In this talk learn how the Project/Programme Portfolio Office can support their business in recognising and handling uncertainty. Learn how the PMO can coordinate the balance and flow of initiatives through each stage of the delivery lifecycle, through to delivery of value.
Implement means to execute. Governance means to rule and control. This suggests implementing governance is a top-down deterministic approach to management. Such approaches are no longer fit-for-purpose.
Leaders and delivery teams should co-create approaches to ensure alignment and synchronisation. This talk is about collaborative approaches which support teams to deliver value.
Increasing your organisation’s competitiveness
This Business Agility talk addresses how organisations can handle market pressure and opportunity. It covers:
- Closing the gap between vision and execution
- The ambidextrous organisation and portfolio management
- Determining which initiatives provide a strategic fit with the vision
- Mindset and ways of working
- Reducing the delay between alignment effort, execution and ROI
- Governance, execution and enablers.
For an individual to develop the desire and willingness for a difficult change, I’ve found it helpful to consider these four stages as prerequisites: Acknowledge, Awareness, Appetite and Action.
Together I’ve called them The 4As of Change.
Stage 1: Acknowledge impact of issue personally
The individual needs to acknowledge how an issue is impacting them personally. They need to grasp the implications of how the issue is affecting their perception amongst their peers, how it’s hindering their goals and impacting the wider organisation.
This step ensures a proposed change starts with why it’s personally necessary.
For example, suppose someone is managing a globally distributed team. The team is consistently delayed with their deliverables. For the manager to truly appreciate the issue and have a desire to address it, the manager needs to acknowledge how this issue is impacting them personally.
Stage 2: Have awareness of a solution
The individual needs to have an awareness that solutions may exist.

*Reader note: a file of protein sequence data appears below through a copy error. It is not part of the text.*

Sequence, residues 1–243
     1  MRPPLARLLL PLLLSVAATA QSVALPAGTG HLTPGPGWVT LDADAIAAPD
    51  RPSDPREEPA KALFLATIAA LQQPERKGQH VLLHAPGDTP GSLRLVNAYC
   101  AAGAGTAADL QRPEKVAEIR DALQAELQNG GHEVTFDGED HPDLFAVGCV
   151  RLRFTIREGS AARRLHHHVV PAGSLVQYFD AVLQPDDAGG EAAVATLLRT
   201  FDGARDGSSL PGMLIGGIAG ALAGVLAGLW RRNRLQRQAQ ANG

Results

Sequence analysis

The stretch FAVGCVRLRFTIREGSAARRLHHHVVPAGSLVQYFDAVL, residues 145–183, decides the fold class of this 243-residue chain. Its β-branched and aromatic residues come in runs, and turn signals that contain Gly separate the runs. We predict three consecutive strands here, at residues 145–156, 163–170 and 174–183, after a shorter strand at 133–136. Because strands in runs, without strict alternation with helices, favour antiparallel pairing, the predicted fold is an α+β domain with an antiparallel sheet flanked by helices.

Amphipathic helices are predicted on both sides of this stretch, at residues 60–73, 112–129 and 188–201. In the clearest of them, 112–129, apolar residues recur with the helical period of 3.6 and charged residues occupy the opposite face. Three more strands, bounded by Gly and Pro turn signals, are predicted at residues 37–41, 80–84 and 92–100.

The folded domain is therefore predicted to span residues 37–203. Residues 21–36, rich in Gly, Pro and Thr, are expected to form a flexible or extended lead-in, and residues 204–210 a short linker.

For example, a manager would need to be aware that co-locating the team in one location, to enable face-to-face communication, is likely to reduce misunderstanding and delays amongst the team.
Stage 3: Develop an appetite for the change
They then need to develop a sufficient appetite to advocate for the change and its solution.
Supporting the change may be challenging because it may involve a personal, then a public, admission that a change is needed.
An individual needs to become an advocate to gain the backing of others who may express varying degrees of support. Trials may need to be carried out to validate and convince others the solution is right.
Using the previous example, although a manager may believe co-locating is right, they may need to gain enough backing to carry out the change. Others may be sceptical if, for example, it means other managers would lose influence over individuals moving from their location; or individuals in the team may not be able to accommodate the change.
Through trials and discussions, the solution may need many alterations. If protracted it’s likely to reduce appetite and possibly prevent the change from happening.
If the manager has maintained sufficient appetite
Stage 4: Take action to implement the change
Now, finally, the individual is ready for action.
This is the final stage where success criteria are affirmed collectively, and the change is planned, executed and then reviewed collectively.
Coaching or line managing others through the stages
If you are a coach or line manager, the following considerations may support others progress through each of the prerequisite stages of change.
- As a coach or line manager, be aware of the particular stage an individual is at. Provide support that’s contextual to that stage.
- Know that the way to think differently is to act differently. When you encourage others to act differently, they’ll start to see and experience the world differently, impacting their mindset as a result.
- Since change can be challenging, suggest breaking the change into small rapid experiments. This can bring much-needed evidence and insights, which can be particularly powerful when assessing a change’s appropriateness and when developing an appetite for the change.
- Facts and data are often not as convincing as a compelling story, so use stories where such a change has been previously successful. Consider asking someone external to share a story of such a change from their experience.
- Gain peer-level support for the change. Change is more likely when others independently state its
benefits,or show keenness for the change.
- Consider the BJ Fogg’s maxims:
- Help people do what they already want to do
- Help people feel successful